What Happens If You Can't Pay Your Energy Bill? Can Suppliers Cut You Off?

The energy price cap will rise by 80% from this October, soaring to £3,549, Ofgem has announced.
Imgorthand via Getty Images

Energy bills are set to climb again this autumn – but what happens if you actually can’t pay?

The energy regulator Ofgem has announced another substantial increase in the energy price cap, increasing it from the current £1,971 to £3,549. That’s an increase of 80% from October.

Fuel poverty and blackouts are becoming a pressing worry for millions across the country, so the grassroots movement, Don’t Pay UK, is calling for people to boycott energy payments from October 1.

What would happen?

If you don’t pay your bill for 28 days, your supplier may get in touch to explain how they could disconnect your gas or electricity.

If they decide to cut you off, suppliers must offer you a chance to pay your debt through a payment plan.

What if you can’t pay off your debt?

Suppliers can apply for a warrant to enter your home and disconnect your supply if you do not reach a settlement about paying off your debt.

They should send you a notice of this, to let you know that they’re applying to court.

Citizens Advice recommends you try to come to an agreement with your supplier prior to the hearing.

It also suggests attending the court hearing even if you haven’t spoken to your supplier, as it’s still possible to come to an arrangement.

If the court grants the warrant, suppliers have to provide a week’s notice in writing before coming to your property and disconnecting the supply.

If your meter is outside your home, your supplier won’t need a warrant to cut you off.

Similarly, if you have a smart meter, suppliers could cut you off remotely – although they must contact you about repaying your debt first, and visit your home to check in with your personal circumstances.

However, Citizens Advice claims suppliers are more likely to fit a prepayment meter in your home than apply for a warrant.

Who can’t be disconnected?

If you are of State Pension age, your supplier cannot cut you off between October 1 and March 31 if you live alone, or you only live with other people of State Pension age (or children under 18).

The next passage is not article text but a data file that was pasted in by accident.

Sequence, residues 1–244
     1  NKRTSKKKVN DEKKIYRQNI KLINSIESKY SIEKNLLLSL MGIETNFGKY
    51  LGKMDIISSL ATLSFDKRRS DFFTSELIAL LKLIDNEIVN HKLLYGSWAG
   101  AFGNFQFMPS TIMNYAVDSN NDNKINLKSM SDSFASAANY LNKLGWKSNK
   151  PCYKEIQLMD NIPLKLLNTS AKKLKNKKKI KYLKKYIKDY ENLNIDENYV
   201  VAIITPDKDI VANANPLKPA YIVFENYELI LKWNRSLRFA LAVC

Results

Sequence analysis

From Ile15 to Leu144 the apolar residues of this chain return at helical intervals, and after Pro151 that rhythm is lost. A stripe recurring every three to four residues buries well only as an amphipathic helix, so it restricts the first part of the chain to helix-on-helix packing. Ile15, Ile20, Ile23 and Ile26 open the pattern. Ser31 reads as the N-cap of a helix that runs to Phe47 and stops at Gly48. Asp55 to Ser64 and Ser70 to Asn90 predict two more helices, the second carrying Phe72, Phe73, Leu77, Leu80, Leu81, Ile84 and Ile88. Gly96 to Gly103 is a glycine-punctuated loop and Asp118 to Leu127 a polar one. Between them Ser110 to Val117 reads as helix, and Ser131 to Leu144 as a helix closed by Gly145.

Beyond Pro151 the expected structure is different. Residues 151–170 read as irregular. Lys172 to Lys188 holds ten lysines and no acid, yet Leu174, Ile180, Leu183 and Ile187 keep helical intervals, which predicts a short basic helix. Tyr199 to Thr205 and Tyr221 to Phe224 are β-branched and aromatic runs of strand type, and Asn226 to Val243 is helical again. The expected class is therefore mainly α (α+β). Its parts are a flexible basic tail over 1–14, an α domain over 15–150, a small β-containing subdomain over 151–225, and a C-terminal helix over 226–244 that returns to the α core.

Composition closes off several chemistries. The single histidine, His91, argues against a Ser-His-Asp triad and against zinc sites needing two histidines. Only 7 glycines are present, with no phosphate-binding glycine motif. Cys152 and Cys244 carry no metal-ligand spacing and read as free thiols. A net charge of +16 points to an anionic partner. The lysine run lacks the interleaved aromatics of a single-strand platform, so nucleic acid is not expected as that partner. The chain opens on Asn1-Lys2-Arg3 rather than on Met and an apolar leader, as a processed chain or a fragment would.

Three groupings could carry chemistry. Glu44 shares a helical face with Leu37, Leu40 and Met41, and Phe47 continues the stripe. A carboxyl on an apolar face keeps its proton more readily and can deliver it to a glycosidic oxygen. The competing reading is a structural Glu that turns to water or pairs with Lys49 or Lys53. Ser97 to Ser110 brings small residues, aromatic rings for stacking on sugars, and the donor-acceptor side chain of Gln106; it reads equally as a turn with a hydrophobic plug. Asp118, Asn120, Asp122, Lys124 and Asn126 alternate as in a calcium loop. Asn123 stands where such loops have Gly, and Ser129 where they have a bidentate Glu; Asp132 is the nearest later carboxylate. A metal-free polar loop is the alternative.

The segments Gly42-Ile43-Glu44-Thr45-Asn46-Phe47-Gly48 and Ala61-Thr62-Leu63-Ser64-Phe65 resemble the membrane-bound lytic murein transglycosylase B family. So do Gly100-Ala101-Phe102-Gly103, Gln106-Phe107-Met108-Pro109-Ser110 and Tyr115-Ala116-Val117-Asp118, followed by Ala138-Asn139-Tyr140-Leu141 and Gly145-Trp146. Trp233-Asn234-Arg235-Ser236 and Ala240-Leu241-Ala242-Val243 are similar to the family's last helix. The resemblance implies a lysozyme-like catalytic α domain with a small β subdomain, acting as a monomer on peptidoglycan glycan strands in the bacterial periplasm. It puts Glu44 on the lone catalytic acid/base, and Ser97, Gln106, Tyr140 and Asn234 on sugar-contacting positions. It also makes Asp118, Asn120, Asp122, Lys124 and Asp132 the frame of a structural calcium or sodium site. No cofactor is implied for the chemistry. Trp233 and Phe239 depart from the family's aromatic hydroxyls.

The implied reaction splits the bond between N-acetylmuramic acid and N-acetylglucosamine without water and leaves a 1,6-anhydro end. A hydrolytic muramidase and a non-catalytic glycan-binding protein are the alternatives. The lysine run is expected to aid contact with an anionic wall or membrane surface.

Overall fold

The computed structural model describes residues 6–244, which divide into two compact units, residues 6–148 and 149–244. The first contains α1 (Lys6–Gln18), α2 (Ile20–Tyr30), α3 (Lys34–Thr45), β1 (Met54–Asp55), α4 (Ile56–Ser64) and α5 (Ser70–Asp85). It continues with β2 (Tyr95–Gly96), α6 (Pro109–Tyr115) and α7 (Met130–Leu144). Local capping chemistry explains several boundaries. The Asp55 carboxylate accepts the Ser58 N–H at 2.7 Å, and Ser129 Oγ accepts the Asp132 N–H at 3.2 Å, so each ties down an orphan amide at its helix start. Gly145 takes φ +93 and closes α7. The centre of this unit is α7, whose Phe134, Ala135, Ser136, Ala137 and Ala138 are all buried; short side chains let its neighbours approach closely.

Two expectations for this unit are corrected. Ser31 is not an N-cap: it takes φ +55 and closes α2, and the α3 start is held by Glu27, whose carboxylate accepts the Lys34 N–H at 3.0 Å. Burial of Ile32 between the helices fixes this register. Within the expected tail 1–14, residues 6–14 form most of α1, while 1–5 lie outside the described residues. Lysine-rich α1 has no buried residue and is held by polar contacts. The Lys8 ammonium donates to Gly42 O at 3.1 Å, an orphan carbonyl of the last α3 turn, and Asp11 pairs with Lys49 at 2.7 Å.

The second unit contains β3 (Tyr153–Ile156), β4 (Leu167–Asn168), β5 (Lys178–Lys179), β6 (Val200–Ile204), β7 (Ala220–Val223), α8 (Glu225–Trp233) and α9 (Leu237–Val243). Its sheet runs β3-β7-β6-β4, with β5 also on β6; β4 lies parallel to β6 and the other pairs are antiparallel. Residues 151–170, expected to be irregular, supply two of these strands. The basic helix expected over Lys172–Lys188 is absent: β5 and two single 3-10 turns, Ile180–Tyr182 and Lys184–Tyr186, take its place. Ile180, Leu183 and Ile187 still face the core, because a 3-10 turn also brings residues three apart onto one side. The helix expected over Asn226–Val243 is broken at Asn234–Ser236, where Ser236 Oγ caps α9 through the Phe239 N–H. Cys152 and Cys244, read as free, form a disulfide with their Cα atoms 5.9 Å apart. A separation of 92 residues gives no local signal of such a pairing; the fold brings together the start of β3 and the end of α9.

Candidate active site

Your supplier also has to offer support if someone you live with has reached State Pension age, is disabled, or has a long-term physical or mental health condition.

This, again, applies between October 1 and March 31.

Your supplier could set you up with a payment plan during this time.

What is the ‘vulnerability commitment’?

Most UK suppliers are also part of the Energy UK Vulnerability Commitment, which means they will not disconnect you during this six-month period if you live with a child under 16.

Any supplier who is part of this promise also won’t disconnect a household at any time of the year if you are disabled, have long-term health issues, severe financial problems or children under the age of six living with you.

But, for those who have not signed the agreement, they are not obliged to take your personal circumstances into consideration.

Citizens Advice explains that you can make a complaint against your supplier if you think they’ve disconnected you when they should not have done so.

How do you get access to energy supplies again?

You would need to contact your supplier, pay your debt, the reconnection fee and administrative costs.

Some suppliers may request a security deposit too, although only if you do not have a prepayment meter installed.

Once these payments have gone through, you should be reconnected within 24 hours (or within 24 hours of the next working day if they money goes through out of hours).

If this does not happen, you may be entitled to £30 compensation within 10 working days, either as credit to your account, cheque or bank transfer. Further delays will mean more £30 payments.

So, how would Don’t Pay UK work?

As rising energy bills are one of the primary reasons the UK is stuck in a cost of living crisis (while gas and oil giants are reaping huge profits), Don’t Pay UK is calling for immediate action.

It wants at least one million people to pledge not to pay their energy bills if the government does increase the energy price cap on October 1.

However, the campaign is discouraging anyone not on prepayment meters who could face self-disconnect if their credit runs out from getting involved.

This includes households where the energy bills are part of the rent, and for those who risk eviction if bills go unpaid.

If you are struggling to afford your energy bills, you should follow the advice set up by Citizen’s Advice.